Pride and Prejudice turned 200 this year. Vaishna Roy writes of her long love affair with its author.
With this one, I have always been in a minority. My friends find her boring, most of my classmates used to find her an imposition, even my Heyer-loving sister thinks I am nuts. But two centuries after she wrote her seminal novel Pride and Prejudice and more than three decades after I first read it, I continue to unabashedly worship at the Jane Austen altar.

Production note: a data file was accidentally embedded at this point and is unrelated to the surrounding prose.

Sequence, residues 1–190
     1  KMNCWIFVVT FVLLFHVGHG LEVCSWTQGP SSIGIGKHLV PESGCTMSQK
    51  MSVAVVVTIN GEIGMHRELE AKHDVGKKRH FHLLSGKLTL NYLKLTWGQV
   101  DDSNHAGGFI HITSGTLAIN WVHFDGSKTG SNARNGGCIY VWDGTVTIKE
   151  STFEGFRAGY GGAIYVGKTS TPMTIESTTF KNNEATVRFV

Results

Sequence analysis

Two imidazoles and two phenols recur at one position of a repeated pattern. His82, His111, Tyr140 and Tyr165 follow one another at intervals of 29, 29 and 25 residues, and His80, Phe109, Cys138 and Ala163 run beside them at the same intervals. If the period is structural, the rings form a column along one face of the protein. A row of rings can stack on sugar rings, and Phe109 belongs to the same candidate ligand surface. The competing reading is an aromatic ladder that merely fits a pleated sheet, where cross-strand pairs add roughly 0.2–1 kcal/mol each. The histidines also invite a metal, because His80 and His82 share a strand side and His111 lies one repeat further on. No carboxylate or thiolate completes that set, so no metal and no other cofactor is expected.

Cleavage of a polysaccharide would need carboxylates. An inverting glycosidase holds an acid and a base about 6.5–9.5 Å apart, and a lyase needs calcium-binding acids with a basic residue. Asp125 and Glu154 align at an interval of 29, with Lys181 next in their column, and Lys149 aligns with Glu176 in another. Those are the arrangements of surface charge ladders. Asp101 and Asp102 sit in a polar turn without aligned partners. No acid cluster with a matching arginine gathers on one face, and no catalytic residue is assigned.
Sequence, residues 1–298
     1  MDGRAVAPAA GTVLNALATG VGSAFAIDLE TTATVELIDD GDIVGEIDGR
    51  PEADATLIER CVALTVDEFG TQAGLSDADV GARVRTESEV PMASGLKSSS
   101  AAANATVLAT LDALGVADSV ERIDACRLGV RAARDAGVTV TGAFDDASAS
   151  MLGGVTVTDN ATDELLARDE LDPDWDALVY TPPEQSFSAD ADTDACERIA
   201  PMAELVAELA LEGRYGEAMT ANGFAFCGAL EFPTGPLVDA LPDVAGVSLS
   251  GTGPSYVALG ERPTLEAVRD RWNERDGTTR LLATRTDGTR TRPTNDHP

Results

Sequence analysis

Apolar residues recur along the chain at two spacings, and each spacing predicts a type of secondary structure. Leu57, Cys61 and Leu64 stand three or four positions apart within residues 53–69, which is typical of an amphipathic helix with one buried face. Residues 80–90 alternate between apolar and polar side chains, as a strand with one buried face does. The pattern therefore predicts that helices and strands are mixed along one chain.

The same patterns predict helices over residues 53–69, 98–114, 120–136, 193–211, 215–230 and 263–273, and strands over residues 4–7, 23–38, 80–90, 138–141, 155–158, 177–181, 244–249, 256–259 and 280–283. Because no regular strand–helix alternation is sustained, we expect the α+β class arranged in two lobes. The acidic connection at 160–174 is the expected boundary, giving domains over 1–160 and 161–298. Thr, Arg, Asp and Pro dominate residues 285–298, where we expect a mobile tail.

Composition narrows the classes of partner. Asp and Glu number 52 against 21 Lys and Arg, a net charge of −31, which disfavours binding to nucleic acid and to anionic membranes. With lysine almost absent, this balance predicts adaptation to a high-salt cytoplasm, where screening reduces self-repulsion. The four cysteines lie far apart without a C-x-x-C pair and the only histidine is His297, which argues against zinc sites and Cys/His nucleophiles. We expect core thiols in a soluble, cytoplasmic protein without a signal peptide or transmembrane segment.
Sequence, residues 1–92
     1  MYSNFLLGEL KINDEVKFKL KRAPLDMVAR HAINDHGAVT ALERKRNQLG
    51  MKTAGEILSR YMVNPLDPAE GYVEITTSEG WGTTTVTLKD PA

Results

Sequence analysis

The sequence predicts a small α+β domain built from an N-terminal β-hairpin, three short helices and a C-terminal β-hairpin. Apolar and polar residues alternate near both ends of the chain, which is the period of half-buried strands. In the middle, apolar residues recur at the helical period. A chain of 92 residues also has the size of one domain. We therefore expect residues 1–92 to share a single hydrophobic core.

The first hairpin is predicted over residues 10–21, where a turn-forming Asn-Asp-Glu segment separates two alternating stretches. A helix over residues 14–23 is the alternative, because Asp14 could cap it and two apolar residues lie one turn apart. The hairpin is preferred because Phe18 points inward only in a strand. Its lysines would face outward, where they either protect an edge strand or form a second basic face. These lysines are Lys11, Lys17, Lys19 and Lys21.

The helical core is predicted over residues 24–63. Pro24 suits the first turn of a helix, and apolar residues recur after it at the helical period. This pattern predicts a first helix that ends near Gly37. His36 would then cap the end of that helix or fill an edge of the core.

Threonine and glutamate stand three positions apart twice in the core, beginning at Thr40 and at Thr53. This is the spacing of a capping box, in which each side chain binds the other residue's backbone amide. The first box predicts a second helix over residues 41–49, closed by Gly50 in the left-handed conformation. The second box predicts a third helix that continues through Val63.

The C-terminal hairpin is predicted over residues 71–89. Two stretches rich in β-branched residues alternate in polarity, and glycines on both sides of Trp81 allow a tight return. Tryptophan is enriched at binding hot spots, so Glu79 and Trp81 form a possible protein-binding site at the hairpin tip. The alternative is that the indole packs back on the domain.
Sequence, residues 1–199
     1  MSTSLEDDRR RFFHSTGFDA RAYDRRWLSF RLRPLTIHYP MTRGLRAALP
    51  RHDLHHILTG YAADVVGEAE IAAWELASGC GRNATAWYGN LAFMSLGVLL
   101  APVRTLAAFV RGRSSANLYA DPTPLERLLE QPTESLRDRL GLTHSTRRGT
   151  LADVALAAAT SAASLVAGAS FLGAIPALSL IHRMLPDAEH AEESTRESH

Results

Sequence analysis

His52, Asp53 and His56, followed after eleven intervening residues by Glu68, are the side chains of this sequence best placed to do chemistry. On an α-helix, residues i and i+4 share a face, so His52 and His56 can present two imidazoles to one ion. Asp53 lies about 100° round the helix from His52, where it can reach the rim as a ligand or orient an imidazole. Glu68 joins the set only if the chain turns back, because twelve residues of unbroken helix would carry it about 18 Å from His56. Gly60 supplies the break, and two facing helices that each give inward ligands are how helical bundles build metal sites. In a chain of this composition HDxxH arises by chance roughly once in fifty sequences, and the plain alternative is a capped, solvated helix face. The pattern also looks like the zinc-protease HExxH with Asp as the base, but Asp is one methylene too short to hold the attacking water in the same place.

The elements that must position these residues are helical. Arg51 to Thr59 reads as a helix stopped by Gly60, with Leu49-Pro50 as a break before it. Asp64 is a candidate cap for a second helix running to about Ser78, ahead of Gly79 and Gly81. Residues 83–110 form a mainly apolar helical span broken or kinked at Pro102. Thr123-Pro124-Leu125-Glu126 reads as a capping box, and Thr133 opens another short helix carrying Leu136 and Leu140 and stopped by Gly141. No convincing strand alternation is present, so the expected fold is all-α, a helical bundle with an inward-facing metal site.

I must have been 13 when I first discovered her; I was probably in Class VIII, in a Calcutta school. In those years, parents didn’t buy you every book you asked for. You borrowed and returned, or you borrowed permanently from friends you decided were too cool to want it back, and of course you belonged to neighbourhood reading libraries. Ours was called Epic, I remember, and sat on the corner of Lake Road, with a florist in front (still there) and a shop selling savouries next door (also still there). Epic, no surprises, is gone. But the old man there was the source of many an Amar Chitra Katha and Phantom comic, and it’s where I first met Margaret Mitchell and Rand and had my many trysts with Christie. You could borrow only three books at one time, so I used to speed-read at least one while pretending to choose the other three.